Sometimes they aren't, but some of this year's offers are worth the extra effort.
Read the small print on Black Friday offers for 2013 and you'll find that some of the low prices reflect mail-in rebates (MIRs). The rebate process can be a bit of a pain, and too many consumers seduced by the potential savings never realize the lower price. One widely cited academic study from 2003 reported that shoppers never got around to redeeming about six in 10 consumer electronics rebates. An industry consultant quoted in The Wall Street Journal in 2006 put the number for all rebates at 4 in 10. Regardless whether those redemption rates hold true today, they call into question the value of a Black Friday offer that hinges on a mail-in rebate.
OSHA recently released a list of ways retailers can maintain order on Black Friday. Some stores will also implement more subtle methods of crowd control in the name of profits.
This post comes from Marcy Bonebright at partner site DealNews.
We've all heard the Black Friday horror stories about out of control crowds. But is it really dangerous to head to the store on Black Friday? What steps are retailers taking to protect customers and employees during the shopping holiday? Read on to see how merchants will try to maximize safety — and profits — during the Black Friday season.
Black Friday crowd control remains a priority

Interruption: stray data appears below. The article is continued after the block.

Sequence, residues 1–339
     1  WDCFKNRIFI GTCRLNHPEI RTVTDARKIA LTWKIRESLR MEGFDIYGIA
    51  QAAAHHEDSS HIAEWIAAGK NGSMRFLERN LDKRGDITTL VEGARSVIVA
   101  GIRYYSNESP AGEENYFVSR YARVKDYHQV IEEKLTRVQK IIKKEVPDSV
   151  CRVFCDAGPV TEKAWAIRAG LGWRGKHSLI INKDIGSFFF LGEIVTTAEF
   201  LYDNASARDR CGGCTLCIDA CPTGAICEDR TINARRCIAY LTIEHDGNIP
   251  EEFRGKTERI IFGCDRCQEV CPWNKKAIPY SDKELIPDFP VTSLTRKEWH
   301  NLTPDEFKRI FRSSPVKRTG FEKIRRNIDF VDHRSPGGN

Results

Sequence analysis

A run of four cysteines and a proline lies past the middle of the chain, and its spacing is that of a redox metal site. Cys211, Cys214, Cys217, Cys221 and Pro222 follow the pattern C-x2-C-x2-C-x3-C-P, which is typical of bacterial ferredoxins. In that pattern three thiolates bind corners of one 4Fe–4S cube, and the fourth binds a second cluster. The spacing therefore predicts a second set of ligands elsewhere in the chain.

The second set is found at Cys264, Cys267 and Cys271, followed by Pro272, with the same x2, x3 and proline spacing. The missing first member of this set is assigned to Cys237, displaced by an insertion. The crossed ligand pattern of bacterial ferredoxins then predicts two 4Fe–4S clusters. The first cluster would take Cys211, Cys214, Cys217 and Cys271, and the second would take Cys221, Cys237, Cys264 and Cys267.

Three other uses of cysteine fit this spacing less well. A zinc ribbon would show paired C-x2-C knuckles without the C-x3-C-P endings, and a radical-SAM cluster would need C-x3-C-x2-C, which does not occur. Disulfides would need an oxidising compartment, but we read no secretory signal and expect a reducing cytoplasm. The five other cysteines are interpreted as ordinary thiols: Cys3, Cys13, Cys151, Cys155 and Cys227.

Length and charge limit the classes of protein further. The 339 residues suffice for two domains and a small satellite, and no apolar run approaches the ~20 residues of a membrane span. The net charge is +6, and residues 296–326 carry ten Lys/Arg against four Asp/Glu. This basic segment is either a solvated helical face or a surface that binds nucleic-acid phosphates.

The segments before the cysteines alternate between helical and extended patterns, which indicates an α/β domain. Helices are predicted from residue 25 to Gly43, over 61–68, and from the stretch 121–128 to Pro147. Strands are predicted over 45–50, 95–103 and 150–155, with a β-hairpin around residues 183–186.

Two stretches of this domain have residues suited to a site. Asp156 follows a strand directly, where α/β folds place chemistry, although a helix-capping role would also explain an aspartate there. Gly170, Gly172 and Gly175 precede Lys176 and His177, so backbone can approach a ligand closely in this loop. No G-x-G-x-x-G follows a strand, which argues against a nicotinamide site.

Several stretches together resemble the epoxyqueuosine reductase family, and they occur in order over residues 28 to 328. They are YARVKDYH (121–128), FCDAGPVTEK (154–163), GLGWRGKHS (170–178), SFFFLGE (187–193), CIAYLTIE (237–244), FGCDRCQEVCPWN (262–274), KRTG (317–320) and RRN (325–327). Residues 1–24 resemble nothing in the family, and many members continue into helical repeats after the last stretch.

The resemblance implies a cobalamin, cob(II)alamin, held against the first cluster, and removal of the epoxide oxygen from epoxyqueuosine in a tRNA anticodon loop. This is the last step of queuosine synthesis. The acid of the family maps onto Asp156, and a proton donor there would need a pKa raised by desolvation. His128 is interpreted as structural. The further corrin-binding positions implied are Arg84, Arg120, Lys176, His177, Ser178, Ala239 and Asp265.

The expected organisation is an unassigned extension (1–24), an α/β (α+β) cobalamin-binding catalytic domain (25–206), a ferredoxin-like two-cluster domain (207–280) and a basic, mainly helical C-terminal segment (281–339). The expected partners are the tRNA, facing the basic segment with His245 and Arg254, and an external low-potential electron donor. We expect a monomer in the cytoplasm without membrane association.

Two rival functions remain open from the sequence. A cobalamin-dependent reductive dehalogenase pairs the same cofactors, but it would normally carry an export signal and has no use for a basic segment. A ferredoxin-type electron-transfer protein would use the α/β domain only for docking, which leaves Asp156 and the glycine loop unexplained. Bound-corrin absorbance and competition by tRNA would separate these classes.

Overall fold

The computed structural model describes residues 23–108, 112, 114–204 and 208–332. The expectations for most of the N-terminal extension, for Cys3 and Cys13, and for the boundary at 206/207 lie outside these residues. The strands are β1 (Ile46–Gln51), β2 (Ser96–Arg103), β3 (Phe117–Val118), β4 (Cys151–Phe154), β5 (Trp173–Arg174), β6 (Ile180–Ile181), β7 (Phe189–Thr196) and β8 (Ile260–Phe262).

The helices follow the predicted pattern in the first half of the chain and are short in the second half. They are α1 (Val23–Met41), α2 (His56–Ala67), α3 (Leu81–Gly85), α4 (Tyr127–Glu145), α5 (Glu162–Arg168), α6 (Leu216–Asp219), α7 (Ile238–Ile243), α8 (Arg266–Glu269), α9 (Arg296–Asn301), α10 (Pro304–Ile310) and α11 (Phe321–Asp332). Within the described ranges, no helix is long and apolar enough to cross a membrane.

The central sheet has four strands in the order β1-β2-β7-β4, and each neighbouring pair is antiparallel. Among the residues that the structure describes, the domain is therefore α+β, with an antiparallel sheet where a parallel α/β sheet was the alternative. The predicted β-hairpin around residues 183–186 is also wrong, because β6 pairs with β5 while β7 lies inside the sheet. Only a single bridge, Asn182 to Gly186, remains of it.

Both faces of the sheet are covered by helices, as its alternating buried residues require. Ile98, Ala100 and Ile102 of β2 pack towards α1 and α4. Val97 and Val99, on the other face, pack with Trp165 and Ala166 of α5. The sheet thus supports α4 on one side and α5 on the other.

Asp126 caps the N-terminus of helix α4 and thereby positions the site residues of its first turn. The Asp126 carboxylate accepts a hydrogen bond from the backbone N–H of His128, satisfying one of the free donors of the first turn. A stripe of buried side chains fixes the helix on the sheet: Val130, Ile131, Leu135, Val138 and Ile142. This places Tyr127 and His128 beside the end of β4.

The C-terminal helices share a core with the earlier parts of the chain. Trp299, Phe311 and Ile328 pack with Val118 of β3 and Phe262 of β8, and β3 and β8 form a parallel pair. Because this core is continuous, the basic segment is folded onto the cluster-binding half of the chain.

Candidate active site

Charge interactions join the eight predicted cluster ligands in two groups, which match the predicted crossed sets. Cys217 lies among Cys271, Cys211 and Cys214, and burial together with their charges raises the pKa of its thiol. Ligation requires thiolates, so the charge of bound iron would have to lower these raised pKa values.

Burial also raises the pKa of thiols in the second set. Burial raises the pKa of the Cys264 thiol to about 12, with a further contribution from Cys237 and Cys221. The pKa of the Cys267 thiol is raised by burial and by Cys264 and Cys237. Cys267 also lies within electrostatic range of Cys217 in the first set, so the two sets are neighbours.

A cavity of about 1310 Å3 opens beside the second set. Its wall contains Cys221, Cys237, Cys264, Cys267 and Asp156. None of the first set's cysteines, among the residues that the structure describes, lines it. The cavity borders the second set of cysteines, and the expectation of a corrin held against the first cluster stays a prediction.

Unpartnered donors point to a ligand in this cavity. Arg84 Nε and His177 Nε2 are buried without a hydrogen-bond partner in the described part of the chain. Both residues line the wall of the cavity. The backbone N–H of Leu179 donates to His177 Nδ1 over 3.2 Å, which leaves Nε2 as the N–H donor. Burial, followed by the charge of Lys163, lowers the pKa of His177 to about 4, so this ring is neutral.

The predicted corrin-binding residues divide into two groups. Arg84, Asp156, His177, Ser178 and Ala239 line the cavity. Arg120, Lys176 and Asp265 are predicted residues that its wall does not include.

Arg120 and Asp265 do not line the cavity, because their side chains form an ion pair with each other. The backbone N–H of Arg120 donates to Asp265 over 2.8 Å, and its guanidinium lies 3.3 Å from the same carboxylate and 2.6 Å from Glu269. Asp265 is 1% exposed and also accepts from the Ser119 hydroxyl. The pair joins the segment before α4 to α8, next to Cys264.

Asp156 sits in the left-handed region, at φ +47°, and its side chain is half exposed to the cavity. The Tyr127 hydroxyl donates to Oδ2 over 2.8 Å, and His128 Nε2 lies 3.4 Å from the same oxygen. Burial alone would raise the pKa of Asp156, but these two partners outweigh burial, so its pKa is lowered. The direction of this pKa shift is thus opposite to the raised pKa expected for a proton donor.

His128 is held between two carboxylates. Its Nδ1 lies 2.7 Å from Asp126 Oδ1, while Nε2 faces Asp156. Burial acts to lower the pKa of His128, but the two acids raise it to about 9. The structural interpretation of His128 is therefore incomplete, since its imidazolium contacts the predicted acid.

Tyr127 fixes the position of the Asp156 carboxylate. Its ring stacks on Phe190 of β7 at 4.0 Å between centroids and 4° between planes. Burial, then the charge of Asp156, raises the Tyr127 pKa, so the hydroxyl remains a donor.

A recent DealNews survey revealed that more than half of readers plan to shop online during Black Friday. This finding was backed up by a recent Nielson study, in which 46% of respondents said they'd do their Black Friday shopping online. All of this could add up to smaller crowds on shopping's biggest holiday.
Yet, despite these findings, the U.S. Department of Labor's Occupational Safety and Health Administration (OSHA) released a document urging retailers to put safety first on Black Friday. Citing the trampling death of a Walmart worker during a Black Friday sale five years ago, the press release emplores merchants to enforce crowd safety measures like providing "on-site trained security personnel or police officers," "not allowing additional customers to enter the store when it reaches its maximum occupancy level," and "not blocking or locking exit doors."
You're not officially on the clock, and of course you're supposed to enjoy yourself. But that doesn't mean putting a lampshade on your head. Here's how to schmooze properly.
This post comes from Donna Fuscaldo at partner site Fox Business News.
While experts advise against walking into a party with the sole purpose of getting ahead, they say your behavior can leave a lasting impression.